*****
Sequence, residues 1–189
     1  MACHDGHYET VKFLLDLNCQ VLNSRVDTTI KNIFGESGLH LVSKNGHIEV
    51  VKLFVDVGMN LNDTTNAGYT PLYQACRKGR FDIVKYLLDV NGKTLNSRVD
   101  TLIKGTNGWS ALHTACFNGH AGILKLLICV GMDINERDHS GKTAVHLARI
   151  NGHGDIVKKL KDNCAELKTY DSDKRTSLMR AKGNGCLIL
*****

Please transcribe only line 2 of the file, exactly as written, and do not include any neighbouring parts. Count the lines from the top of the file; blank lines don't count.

     1  MACHDGHYET VKFLLDLNCQ VLNSRVDTTI KNIFGESGLH LVSKNGHIEV